This post is the seventh in a blog series where I’m exploring various aspects of INSPIRATION. When I chose INSPIRATION as my word for this year, my first thoughts were about finding, acting on and (in some cases) limiting INSPIRATION. I also knew I wanted this word to motivate me not only in my scrapbooking and crafting but also in my physical, spiritual and intellectual goals. During my FUN year last year, I published a two-week series entitled Where Does My Inspiration Come From?, which looked at the many different sources of INSPIRATION specifically for scrapbook layouts. However, in this series, I’ll be sharing a word for each letter of the alphabet (from A to Z) that relates to INSPIRATION along with my random and in-depth thoughts on that word and the various ways it relates to INSPIRATION in our lives.
G is for Goals
Goals are defined as "the objects of a person's ambition or effort" or "things you are trying to achieve." Basically a Goal is "an end toward which effort is directed." Goals often provide the INSPIRATION to do or complete something.
I've always been a Goal-setter. As far back as I can remember, I kept lists of things to do and Goals I wanted to accomplish. When I was working on my Bachelor's degree in the early 1990s, my Goal was to graduate before I turned 25-years-old.
At the time, I was working as the office supervisor for a specialty chemical sales company and taking evening classes at the local university. After signing up for the available courses in the spring of 1994, I discovered that I needed one more course to be able to graduate that May (2 months before my 25th birthday). I convinced the department chair at the university to work with me on an independent study project, and I convinced my boss to schedule a sales meeting so that I could do a presentation on Goal setting as my project. I even created a booklet for all the attendees.
This booklet contains my research on goals, including the definitions of a Goal and illustrations on how our Goals overlap time-wise (long range, mid-range, and short range) as well as in all areas of our lives.
I included lists about what a Goal should be, the benefits of setting Goals, and hints for success.
There were also several worksheets for the participants to complete during the presentation, like this one specifically helping our sales reps set a sales Goal based on their desired income level.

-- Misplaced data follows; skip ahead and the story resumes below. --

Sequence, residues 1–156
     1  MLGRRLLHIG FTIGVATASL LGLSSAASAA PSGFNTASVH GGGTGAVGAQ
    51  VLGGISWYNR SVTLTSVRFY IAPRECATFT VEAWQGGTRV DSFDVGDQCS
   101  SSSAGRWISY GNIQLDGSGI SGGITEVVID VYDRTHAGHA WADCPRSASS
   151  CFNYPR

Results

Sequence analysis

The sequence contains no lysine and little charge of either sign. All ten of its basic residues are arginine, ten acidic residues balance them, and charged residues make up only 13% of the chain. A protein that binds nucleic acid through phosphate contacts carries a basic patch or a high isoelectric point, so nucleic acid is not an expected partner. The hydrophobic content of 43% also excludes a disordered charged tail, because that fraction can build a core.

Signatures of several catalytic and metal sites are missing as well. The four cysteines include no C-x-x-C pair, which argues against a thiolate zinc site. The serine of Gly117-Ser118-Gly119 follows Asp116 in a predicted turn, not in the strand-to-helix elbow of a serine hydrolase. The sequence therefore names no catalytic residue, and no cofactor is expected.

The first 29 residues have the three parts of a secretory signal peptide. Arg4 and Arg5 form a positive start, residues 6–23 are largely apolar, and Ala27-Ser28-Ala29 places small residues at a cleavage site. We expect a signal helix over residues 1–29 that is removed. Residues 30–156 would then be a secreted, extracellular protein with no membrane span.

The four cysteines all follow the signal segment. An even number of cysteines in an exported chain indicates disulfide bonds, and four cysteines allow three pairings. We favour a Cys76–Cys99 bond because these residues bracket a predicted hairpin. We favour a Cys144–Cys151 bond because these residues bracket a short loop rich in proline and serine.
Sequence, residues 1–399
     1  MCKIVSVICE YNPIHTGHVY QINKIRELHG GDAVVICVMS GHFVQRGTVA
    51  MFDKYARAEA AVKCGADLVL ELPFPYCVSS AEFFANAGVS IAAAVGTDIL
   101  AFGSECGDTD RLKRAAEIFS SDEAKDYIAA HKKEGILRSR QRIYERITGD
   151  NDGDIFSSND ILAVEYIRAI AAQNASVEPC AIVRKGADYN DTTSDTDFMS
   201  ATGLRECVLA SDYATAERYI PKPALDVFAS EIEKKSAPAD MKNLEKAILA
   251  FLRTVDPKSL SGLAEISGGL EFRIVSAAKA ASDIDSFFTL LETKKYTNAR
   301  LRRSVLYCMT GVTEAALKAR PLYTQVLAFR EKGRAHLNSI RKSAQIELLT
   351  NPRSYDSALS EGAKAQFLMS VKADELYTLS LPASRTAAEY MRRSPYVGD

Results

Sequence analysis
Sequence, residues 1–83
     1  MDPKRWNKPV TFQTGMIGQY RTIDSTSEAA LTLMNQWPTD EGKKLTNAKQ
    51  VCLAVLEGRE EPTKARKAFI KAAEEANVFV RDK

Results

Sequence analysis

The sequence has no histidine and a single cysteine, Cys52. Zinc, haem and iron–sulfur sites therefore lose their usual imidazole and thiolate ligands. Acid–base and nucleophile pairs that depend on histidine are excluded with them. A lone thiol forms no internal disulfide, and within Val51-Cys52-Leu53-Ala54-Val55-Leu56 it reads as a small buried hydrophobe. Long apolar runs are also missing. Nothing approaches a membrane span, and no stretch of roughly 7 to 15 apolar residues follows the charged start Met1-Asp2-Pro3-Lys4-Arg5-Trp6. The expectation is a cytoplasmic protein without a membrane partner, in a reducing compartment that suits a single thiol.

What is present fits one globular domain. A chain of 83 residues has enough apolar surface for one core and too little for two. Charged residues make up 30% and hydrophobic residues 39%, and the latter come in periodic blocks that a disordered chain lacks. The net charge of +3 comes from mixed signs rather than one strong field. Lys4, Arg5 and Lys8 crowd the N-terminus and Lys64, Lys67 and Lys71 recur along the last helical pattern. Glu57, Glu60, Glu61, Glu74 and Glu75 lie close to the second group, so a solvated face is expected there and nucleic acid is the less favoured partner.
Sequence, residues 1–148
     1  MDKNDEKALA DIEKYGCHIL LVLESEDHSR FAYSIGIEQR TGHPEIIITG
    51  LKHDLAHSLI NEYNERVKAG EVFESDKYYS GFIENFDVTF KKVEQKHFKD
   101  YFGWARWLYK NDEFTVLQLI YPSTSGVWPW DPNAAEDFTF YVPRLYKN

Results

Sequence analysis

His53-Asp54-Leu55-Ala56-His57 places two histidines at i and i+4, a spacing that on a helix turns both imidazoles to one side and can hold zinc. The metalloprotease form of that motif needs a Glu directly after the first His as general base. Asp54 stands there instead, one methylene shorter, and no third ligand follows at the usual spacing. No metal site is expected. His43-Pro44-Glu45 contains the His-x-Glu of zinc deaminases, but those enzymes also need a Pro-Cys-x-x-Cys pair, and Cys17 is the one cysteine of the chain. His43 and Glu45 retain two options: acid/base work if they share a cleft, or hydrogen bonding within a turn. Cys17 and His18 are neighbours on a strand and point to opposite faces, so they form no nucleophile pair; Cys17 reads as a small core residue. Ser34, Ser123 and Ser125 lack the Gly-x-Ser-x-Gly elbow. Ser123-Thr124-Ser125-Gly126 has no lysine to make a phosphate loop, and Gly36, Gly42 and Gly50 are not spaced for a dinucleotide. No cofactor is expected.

For the research and two-hour presentation I completed, I earned credit for the final course I needed and was able to accomplish my Goal of graduating before I turned 25!
I recently read the book Creativity, Inc. by Ed Catmull, in which the author shares a Goal he set for himself - to make the first computer-animated movie. After college, he began working in the (new-at-the-time) computer industry, eventually becoming the president of Pixar, which in fact did produce the first computer-animated movie, Toy Story.
The sub-title of this book (Overcoming the Unseen Forces That Stand in the Way of True Inspiration) is a good illustration of how Goals and INSPIRATION are interrelated. Once Catmull's dream of creating that first movie was fulfilled, he set about contemplating and defining the Goal of Pixar. Despite problems that will inevitably arise during the making of a movie and issues that develop in a company with numerous employees, Pixar continually strives to learn and grow as it maintains focus on the Goal - to make films of the highest quality. To accomplish this goal, Catmull and the management team at Pixar continually evaluate and make adjustments for the "unseen forces" that get it the way of INSPIRATION.
The book was a wonderful read as the author shared the story of Pixar and its growth. I highly recommend it for anyone wanting to learn more about the computer-animation industry and those who want to improve their management and problem-solving skills. There's a wealth of knowledge in this book, as evidenced by these quotes regarding goals: